Its brightly coloured lollipop balls grace many a hallway although they are often obscured by the coats they were created to hold. The Hang-It-All is a classic set of hooks by those masters of modernist design Mr and Mrs Eames.
In the mid 1940s Charles and Ray began designing products for children, including their colourful moulded plywood animals (another classic that is still in production today) building blocks, masks and then, in 1953 the Hang-It-All, which was designed to encourage children to hang up their belongings.
A picture of it can be seen in the background of their own home in the Pacific Pallisades – although the couple had no children together, Charles had a daughter, Lucia, from his first marriage.
The hanger was produced using the technology that the couple later developed for their famous wire-based chairs and tables. A spokesman for The Design Museum explained how the couple started their business from the spare room in their rented flat where they installed a homemade moulding machine dubbed the Kazam, after the saying “ala kazam”, because they fed in wood and glue and out came moulded plywood. Their first product was a plywood leg splint based on Charles’ own leg. An order for 5,000 followed from the US Navy and production was able to move out of the spare room. In their new workshop, they continued to experiment with chairs, tables and the toy animals. Finally Herman Miller, the US furniture company (which still makes their work to this day) put some of their designs into production. Two years ago, it produced a limited edition version with black frame and plain walnut hooks. It was very beautiful but a lot less fun.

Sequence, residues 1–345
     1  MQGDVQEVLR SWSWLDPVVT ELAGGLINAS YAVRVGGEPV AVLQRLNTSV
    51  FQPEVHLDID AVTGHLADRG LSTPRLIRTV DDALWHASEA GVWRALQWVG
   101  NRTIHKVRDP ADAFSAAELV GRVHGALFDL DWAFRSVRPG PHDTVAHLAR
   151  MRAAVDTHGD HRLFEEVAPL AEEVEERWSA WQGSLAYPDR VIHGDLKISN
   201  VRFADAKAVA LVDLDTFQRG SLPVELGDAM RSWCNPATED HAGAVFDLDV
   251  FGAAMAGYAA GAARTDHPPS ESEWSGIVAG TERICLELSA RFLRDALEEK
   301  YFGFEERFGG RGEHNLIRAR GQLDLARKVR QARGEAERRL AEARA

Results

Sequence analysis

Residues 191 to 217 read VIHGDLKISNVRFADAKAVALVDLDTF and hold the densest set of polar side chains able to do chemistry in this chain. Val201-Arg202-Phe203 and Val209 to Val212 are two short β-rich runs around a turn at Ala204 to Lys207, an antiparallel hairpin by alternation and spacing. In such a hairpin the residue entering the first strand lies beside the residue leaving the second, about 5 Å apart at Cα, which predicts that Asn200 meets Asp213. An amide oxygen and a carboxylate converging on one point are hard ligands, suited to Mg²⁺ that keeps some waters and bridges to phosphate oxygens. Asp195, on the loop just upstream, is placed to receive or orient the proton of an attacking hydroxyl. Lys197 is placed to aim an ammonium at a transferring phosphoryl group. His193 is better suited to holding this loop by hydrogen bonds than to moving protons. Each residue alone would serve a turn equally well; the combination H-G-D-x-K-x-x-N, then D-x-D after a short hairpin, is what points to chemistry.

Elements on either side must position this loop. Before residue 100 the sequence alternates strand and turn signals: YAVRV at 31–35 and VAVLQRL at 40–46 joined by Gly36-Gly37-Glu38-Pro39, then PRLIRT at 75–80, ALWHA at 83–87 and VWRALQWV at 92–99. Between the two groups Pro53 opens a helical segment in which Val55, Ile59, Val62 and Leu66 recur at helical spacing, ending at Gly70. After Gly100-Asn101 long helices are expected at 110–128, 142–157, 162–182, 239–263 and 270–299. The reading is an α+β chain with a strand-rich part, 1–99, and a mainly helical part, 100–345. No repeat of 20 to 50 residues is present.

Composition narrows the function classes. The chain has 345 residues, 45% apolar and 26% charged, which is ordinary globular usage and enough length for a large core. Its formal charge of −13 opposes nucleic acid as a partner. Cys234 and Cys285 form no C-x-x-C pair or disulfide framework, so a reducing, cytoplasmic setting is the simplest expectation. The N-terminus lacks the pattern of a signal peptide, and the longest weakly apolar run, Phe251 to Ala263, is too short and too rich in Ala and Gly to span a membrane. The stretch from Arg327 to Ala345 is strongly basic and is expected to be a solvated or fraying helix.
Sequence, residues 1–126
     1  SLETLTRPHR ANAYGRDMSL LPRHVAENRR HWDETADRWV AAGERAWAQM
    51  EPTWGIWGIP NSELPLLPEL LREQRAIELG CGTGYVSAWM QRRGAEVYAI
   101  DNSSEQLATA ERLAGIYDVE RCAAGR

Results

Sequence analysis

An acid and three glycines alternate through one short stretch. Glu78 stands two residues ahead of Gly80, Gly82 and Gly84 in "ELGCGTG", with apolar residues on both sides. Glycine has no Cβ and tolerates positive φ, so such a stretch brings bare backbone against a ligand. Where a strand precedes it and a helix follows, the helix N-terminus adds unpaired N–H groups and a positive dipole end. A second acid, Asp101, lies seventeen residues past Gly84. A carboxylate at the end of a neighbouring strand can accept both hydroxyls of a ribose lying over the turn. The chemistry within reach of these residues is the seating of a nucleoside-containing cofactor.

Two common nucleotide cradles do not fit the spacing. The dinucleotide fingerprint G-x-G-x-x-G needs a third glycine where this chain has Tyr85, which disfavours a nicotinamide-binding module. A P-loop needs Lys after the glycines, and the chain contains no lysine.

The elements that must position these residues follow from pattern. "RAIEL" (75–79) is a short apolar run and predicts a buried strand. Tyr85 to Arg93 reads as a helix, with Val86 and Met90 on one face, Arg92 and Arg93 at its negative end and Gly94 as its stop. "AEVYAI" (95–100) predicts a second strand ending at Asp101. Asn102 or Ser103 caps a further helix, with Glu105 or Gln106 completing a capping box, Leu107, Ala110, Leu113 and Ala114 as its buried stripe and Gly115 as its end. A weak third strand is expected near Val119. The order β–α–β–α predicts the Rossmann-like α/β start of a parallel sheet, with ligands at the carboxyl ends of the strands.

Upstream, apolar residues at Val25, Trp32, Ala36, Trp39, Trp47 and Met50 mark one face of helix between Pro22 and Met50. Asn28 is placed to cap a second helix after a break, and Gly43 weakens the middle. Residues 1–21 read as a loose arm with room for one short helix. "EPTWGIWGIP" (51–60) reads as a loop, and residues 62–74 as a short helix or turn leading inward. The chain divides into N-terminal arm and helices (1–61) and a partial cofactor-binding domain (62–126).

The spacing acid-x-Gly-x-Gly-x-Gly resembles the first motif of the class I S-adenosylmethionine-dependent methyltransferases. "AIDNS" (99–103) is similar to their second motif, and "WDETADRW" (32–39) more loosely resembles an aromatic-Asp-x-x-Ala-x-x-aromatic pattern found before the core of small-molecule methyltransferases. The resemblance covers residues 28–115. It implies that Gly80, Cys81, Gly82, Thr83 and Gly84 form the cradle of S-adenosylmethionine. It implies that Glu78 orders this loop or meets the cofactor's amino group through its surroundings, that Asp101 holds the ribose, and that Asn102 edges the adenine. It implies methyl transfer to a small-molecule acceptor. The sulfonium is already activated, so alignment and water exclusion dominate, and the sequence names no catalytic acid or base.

Joanna Moore, of Vitra, which holds the European licence for Eames, says: “It’s a perennially popular piece and although it was designed for children, it appeals just as much to adults.
“The evenly spaced balls allow it to be added to endlessly and it’s also very kind to coats as it doesn’t leave a point in them.”
The couple continued to make furniture right into the 1970s although it is probably for the 1956 chair and ottoman that they remain most famous.
These days the Hang-It-All is regarded by many as a piece of art in its own right although it seems a shame that to use it is to hide it.
First published in The Independent